COVID-19 and HD

COVID-19 and HD

The current COVID-19 (coronavirus) crisis presents with unprecedented challenges and uncertainties for all.  In this article, we hope to contribute to increasing awareness and knowledge about COVID-19.  While the information and resources provided below are by no means exhaustive, we hope that they can be helpful for HD patients and their caretakers.

COVID-19 General Info

COVID-19, which stands for coronavirus disease 2019, is a highly contagious viral infection caused by a newly identified virus called SARS-CoV-2.1  The World Health Organization (WHO) declared COVID-19 a global pandemic on March 11, 2020.2  While scientists are still researching the transmission of the virus, it is believed that COVID-19 is primarily spread among people through close contact and respiratory droplets.3  Symptoms can vary from person to person and start 2-14 days after exposure, but common symptoms include dry cough, shortness of breath/difficulty breathing, fever, chills, repeated shaking with chills, muscle pain, headache, sore throat, and new loss of taste or smell.4  According to the WHO, approximately 80% of people with COVID-19 recover without any need for special medical treatment, but 1 in 6 develop breathing difficulties and become seriously ill.5

Click here to view the preventative measures described by the Centers for Disease Control and Prevention (CDC).

COVID-19 and Huntington’s 

According to the European Huntington Association, Huntington’s disease itself does not necessarily put HD patients at a higher risk of contracting COVID-19.  However, among HD patients that are symptomatic, there may be an increased risk of developing pneumonia as a result of being bedridden and undernourished.  HD patients may also be at a higher risk of developing symptoms if exposed to COVID-19 and having a more serious illness.6


Below are some potentially helpful resources for HD patients and their caregivers:

COVID-19 information:

Lifestyle resources:

Virtual support groups and social support:

Other Helpful Resources:

A starter guide on how to navigate the popular video calling platform, Zoom

Device designed to help seniors connect with loved ones

Video calling app for android devices

A tool that crowdsources wait times for local stores and can be useful for avoiding crowds


  1. Subraminiam, V., “Information About COVID-19 for Huntington’s Disease Patients”. Huntington’s Disease News. []
  2. Cucinotta, D. and Vanelli, M., “WHO Declares COVID-19 a Pandemic”. Acta BioMedica. []
  3. Brosseau, L., “COMMENTARY: COVID-19 transmission messages should hinge on science”. Center for Infectious Disease Research and Policy. []
  4. Symptoms of Coronavirus”. Centers for Disease Control and Prevention. []
  5. Readfearn, G., “What happens to people’s lungs when they get coronavirus?”. The Guardian. []
  6. Subraminiam, V., “Information About COVID-19 for Huntington’s Disease Patients”. Huntington’s Disease News. []

Stanford Huntington’s Disease Patient Care Symposium

By Maria Suarez-Nieto and Sepehr Asgari

On the 2nd of November, 2019, the Stanford University School of Medicine’s Huntington’s Disease Center of Excellence held their inaugural Stanford Huntington’s Disease Patient Care Symposium.  Hosted in Mountain View, California, the event saw the participation of HD patients, caretakers, healthcare professionals, students, and members of the broader HD community. The symposium highlighted the latest advances in HD research from multiple perspectives, providing those in attendance with valuable new information.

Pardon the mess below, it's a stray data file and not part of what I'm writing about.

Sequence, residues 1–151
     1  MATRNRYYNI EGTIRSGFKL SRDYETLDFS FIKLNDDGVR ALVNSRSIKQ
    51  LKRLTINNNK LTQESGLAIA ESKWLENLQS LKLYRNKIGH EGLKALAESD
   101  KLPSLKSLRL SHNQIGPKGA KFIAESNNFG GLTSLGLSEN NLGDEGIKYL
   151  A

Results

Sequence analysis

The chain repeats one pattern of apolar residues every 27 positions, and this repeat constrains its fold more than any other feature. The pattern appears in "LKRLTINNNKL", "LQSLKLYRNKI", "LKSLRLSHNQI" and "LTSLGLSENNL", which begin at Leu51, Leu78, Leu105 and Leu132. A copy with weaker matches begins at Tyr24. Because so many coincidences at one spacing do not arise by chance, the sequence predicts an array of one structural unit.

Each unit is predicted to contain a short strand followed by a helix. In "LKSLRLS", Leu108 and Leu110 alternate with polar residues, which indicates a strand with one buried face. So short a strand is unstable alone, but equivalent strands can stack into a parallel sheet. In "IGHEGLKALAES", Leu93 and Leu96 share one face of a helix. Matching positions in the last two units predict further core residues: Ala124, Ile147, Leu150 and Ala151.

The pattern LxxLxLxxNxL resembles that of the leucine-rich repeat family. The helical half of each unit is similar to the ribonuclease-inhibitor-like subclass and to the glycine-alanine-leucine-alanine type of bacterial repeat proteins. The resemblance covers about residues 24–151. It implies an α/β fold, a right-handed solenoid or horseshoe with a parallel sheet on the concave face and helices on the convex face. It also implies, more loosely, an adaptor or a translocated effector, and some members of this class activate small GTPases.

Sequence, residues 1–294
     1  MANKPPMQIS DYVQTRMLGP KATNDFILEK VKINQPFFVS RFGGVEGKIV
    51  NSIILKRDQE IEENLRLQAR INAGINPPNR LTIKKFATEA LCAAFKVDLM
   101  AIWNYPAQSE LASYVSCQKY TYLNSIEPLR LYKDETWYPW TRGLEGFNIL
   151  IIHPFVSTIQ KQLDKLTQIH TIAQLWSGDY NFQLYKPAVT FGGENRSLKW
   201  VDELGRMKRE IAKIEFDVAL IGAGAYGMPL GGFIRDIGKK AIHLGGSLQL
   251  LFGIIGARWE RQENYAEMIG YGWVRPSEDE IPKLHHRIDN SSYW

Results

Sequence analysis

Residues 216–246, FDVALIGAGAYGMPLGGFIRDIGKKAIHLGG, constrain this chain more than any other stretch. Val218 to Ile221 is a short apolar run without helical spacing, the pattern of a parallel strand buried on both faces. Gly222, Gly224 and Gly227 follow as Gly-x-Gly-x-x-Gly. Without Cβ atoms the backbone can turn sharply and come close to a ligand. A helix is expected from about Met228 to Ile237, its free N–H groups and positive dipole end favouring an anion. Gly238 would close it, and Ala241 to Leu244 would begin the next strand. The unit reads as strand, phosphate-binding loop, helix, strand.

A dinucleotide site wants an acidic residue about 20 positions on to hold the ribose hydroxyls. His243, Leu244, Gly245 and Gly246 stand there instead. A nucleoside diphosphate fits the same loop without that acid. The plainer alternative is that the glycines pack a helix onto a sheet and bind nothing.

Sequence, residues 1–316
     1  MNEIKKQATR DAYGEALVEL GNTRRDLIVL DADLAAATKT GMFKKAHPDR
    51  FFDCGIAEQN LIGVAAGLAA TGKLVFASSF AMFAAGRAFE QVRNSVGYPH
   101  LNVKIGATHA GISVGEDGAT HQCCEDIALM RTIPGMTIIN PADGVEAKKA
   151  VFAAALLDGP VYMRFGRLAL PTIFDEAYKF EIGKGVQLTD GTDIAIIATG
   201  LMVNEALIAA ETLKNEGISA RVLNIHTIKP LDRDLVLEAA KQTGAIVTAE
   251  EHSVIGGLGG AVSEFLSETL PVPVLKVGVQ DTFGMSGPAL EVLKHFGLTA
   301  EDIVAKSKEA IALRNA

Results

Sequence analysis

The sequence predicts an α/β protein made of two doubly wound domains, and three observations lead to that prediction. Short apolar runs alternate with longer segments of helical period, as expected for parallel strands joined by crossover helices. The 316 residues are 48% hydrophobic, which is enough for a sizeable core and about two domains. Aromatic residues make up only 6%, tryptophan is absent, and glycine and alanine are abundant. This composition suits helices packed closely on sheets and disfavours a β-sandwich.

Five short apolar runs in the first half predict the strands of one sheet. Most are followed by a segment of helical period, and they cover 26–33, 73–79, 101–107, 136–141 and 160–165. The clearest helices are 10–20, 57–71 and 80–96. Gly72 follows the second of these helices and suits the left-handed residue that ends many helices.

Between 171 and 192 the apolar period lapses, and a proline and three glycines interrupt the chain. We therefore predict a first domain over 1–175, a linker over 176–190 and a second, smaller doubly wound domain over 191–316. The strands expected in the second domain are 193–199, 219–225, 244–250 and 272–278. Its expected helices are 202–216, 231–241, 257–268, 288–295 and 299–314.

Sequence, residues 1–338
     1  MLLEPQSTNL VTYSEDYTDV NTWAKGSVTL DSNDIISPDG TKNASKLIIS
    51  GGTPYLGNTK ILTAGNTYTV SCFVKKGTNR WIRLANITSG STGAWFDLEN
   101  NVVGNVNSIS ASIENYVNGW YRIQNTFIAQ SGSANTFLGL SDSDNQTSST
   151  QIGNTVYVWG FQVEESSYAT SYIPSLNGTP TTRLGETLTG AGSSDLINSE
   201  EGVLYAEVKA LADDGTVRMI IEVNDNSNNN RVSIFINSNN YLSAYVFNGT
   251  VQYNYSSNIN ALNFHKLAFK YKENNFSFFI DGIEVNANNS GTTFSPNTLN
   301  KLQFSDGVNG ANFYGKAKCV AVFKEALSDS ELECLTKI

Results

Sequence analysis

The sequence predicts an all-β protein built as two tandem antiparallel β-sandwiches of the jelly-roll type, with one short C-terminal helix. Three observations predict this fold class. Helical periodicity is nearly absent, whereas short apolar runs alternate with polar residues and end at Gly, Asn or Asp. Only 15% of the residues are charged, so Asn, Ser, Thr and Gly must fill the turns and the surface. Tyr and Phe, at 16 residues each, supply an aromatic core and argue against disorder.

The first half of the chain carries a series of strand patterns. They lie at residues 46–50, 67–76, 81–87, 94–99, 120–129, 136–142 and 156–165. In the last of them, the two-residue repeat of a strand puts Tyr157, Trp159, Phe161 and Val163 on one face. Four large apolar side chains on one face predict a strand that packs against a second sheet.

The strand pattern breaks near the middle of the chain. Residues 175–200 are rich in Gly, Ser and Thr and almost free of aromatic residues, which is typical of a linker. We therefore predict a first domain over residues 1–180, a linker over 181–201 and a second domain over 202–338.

The morning started with Daniel Jarosz, PhD and Assistant Professor of Chemical and Systems Biology and Developmental Biology at Stanford University, who dreams of the day when a treatment for HD exists.  His informational talk focused on highlighting breakthroughs in basic science research for HD and other neurodegenerative diseases. Dr. Jarosz opened by explaining the work of Judith Frydman, who found that a chaperone protein, a type of protein that assists other proteins in carrying out their function, called TriC binds to the ends of Huntingtin protein fibers.  This prevents the Huntingtin protein from aggregating, thereby suppressing the toxic effects of Huntingtin aggregation. Scientists further found that treating Hungtintin rich neurons with TriC helped normalize the structure of the protein. After explaining the methods used to discover that Huntingtin aggregates spreads between cells, Dr. Jarosz shifted his focus to explain how he used novel African turquoise killifish as a model for HD.  Using that model, he identified that aged individuals have a strong enrichment in prion-like character among proteins known to form aggregates, meaning that aggregated proteins can spread similar to how prions do. If these findings are further confirmed, Dr. Jarosz stressed how this could be a new aspect of neurodegenerative disease behavior that we could potentially target.

Afterwards, Sharon Sha, MD, MS, Clinical Associate Professor of Neurology and Neurological Sciences at Stanford University and Co-Director of the Huntington’s Disease Center of Excellence and Ataxia Clinic, gave her talk on “Cognitive challenges in HD and ways to work around them.” Sha opened with an overview of symptoms commonly found in HD patients, which allowed her to introduce the main topic of her talk, cognitive symptoms. She deemed the cognitive impacts of HD “underrecognized,” and continued with explaining how these symptoms manifest in individuals, primarily by affecting their executive function, which could impact individuals years before motor impairments. Her research found that premanifest HD patients (patients in which symptoms have yet to arise) were more aware of presenting executive function problems than early stage HD. Sha proceeded to shift her focus to describing strategies that help treat cognitive problems, along with those that do not; she recommended using memory aids, decreasing multitasking, and being receptive to help. She continued by explaining that Donepezil, a drug commonly used to treat dementia in Alzheimer’s disease, does not work effectively to treat cognitive problems, along with the potential for another drug called Rivastigmine, and closed with addressed the prevalent insurance issues associated with clinical trials